12th standard quiz. Your team’s losing big time. The tally so far: questions – 4; answers – nil, nada, zilch. Why should Q5 be any different?
And then the worst possible thing happens.
The universe or the quizmasters at your high school sense your enthusiasm and throw a curve ball that you could no way hit out of the park.
You’ve never been to the place. Never seen it on the TV or in the paper before. Or heard of it from anyone you know. It could be the Hanging Gardens of Babylon for all you know.
Nobody else knows what that landscaped green mass is either. It’s got everyone knitting their brows, biting their lower lips. And they are mini geniuses. Future world travelers. La très sophistiqué. So no pressure really. You could just say pass because there’s no place to hide. But what comes next is a shocker.
You speak when not a peep came out of you in what could be the longest half an hour in the history of mankind. And all because you were bored one summer. And decided to storm the world of pen pals with singularly underwhelming letters and cheap postcards with soft corners and yellowing edges.
It so happened that one poor sod as bored as you perhaps, or worse, decided to return the favor in kind. And in that old yellowy envelope, with a letter that was as friendly (hi, yours sincerely) and underwhelming (yes, why not!) as yours, was an old picture postcard.
And because you were so excited to have a letter from another state addressed to you alone, not care of or daughter of, you studied the darn thing a million times. Right to the ink smudge on the left corner where the message went.
And because you did that, you also memorized the tiny caption at the bottom of the photo on the front.
Bangalore! Botanical Garden, Lalbagh, you say. And cheers go up where your housemates previously sat embarrassed with blank, gloomy faces. And for a moment it’s all good. And you finally exhale.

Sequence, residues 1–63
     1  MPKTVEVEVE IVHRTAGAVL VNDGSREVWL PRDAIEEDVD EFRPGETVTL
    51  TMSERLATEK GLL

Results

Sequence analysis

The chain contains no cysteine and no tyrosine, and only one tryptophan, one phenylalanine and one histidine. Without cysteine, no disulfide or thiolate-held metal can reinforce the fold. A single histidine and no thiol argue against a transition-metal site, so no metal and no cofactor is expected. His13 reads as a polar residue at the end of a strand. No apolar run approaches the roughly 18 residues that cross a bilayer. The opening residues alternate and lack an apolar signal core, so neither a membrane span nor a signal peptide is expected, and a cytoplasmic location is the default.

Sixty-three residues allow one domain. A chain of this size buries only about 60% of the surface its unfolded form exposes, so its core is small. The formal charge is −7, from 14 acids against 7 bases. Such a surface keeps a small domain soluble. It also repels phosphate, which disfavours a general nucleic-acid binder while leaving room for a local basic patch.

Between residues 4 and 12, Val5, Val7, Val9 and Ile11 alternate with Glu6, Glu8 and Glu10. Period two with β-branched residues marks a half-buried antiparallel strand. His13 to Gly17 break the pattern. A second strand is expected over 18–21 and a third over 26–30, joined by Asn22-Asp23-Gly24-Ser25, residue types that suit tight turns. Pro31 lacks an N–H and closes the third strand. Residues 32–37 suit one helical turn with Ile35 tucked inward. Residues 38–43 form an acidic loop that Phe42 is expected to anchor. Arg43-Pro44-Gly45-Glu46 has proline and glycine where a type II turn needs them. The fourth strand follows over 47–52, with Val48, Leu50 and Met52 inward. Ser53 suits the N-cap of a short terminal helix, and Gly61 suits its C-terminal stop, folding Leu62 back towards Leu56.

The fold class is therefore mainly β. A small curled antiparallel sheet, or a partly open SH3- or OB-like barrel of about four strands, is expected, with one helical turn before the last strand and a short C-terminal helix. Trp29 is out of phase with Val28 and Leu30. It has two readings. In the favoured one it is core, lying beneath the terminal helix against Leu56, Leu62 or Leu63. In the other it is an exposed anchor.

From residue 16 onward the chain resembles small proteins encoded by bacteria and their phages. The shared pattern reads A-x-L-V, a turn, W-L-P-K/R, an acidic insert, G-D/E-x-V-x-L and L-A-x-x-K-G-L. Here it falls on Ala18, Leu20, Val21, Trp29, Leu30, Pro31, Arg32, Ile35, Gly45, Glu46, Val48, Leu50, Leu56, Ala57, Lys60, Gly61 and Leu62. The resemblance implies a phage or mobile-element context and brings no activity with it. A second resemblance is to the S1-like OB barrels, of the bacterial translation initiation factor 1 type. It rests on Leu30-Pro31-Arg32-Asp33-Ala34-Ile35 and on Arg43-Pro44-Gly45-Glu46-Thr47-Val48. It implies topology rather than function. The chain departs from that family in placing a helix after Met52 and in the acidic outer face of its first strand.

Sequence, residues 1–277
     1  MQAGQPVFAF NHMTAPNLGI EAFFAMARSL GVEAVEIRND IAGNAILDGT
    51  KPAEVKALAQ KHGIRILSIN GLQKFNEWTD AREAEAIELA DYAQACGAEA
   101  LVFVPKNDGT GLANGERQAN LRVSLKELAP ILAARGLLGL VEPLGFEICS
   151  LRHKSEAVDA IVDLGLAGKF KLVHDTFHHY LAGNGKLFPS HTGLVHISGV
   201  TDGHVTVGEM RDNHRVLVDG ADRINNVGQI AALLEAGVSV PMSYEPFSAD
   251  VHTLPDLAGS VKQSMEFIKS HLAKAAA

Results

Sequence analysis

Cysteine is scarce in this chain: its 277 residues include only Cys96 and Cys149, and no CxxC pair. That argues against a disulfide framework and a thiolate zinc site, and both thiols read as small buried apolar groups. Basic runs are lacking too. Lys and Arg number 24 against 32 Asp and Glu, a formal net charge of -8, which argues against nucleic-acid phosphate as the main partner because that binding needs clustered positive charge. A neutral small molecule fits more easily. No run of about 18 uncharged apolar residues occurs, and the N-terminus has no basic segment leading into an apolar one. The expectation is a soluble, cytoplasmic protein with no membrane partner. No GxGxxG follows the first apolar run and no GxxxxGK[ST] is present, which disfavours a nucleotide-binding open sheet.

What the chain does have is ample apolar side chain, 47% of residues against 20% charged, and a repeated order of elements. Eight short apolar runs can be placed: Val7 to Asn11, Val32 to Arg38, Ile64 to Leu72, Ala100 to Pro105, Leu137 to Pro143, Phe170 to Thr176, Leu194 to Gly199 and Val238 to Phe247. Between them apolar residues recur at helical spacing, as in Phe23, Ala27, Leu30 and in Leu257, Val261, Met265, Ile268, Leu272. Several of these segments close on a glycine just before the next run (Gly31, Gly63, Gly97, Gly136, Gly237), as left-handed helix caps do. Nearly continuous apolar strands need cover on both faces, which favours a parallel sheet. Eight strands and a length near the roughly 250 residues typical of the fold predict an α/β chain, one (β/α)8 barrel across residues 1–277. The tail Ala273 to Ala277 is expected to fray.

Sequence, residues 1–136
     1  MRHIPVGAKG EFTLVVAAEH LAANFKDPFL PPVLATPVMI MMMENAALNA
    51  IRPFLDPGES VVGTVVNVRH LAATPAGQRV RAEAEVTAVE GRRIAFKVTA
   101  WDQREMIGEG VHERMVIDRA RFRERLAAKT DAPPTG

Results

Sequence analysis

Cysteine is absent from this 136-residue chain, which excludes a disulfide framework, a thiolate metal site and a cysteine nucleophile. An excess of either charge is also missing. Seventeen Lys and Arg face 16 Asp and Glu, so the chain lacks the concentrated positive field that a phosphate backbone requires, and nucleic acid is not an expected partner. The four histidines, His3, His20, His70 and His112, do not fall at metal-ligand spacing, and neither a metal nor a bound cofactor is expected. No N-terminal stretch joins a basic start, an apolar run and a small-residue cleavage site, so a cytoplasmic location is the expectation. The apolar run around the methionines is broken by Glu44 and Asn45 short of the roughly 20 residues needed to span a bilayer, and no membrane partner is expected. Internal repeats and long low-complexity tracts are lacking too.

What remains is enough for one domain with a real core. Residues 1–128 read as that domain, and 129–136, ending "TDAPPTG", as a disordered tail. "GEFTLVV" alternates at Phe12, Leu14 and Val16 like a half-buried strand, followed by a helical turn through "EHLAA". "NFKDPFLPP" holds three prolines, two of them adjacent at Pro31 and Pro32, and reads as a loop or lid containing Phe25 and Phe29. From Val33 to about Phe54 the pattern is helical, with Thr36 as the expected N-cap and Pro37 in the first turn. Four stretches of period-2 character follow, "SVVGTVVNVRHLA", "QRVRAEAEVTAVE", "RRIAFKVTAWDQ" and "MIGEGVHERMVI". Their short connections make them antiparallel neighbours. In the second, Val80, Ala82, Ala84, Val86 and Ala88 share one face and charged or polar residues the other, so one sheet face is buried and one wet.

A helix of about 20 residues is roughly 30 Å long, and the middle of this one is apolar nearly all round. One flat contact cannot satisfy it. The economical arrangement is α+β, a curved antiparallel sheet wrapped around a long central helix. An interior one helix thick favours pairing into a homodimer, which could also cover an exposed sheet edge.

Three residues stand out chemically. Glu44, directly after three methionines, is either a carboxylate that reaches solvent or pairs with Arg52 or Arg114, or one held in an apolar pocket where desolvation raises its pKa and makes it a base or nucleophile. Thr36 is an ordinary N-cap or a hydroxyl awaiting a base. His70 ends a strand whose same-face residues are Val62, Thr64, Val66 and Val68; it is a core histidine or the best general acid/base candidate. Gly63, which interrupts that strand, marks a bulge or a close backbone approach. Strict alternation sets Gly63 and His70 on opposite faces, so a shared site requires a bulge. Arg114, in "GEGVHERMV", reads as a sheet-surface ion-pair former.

The score moves beyond Aryabhatta’s favorite number.
You, of course, don’t go on to win the damn quiz. You may even have finished last if you choose to come clean.
Real shameful, really, says the house teacher who ran out on you earlier, long before your ship even began its sink. You are a disgraceful set of intelligent pupils who don’t apply themselves, she adds.
What can you say? You are too embarrassed to apologize. Too proud to accept you screwed up. Royally.
So you laugh it off. For the rest of the year. And at any mention of that day – or of quizzes for that matter. While you try to hide your sweaty palms and nervous tics.
But what you do learn and which you will suddenly remember way later in the hashtag era … while traveling to work on a breezy, drizzly day in the middle of an especially unbearable summer … when your life is stuck in the first gear and you think you’re lost in the doldrums forever … caught in the daily, mind-numbing grind … is that you’ve got to get out there in the thick of the mess that came off the primordial soup to make change happen. Get the handwritten notes on $5 bills and copies of a literary classic moving through time, so to say. For even serendipity needs a helping hand. And you, experiences – rich, odd, moving, fun, to have a chance at becoming a slumdog millionaire.